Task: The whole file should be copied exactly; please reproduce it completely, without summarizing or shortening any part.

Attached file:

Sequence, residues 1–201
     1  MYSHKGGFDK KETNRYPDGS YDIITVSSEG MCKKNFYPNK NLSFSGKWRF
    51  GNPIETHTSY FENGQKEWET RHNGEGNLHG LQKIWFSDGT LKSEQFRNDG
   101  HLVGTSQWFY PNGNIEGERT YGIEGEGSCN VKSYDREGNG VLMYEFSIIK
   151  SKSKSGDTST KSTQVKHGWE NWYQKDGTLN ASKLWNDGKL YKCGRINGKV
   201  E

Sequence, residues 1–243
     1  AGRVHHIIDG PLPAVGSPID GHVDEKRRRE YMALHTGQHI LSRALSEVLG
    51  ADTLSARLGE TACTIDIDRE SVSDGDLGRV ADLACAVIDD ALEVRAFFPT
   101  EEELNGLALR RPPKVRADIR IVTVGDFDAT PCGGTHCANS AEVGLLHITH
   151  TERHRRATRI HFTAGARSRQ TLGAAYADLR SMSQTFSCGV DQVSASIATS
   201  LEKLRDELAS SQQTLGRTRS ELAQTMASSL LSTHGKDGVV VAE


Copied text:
Sequence, residues 1–201
     1  MYSHKGGFDK KETNRYPDGS YDIITVSSEG MCKKNFYPNK NLSFSGKWRF
    51  GNPIETHTSY FENGQKEWET RHNGEGNLHG LQKIWFSDGT LKSEQFRNDG
   101  HLVGTSQWFY PNGNIEGERT YGIEGEGSCN VKSYDREGNG VLMYEFSIIK
   151  SKSKSGDTST KSTQVKHGWE NWYQKDGTLN ASKLWNDGKL YKCGRINGKV
   201  E

Sequence, residues 1–243
     1  AGRVHHIIDG PLPAVGSPID GHVDEKRRRE YMALHTGQHI LSRALSEVLG
    51  ADTLSARLGE TACTIDIDRE SVSDGDLGRV ADLACAVIDD ALEVRAFFPT
   101  EEELNGLALR RPPKVRADIR IVTVGDFDAT PCGGTHCANS AEVGLLHITH
   151  TERHRRATRI HFTAGARSRQ TLGAAYADLR SMSQTFSCGV DQVSASIATS
   201  LEKLRDELAS SQQTLGRTRS ELAQTMASSL LSTHGKDGVV VAE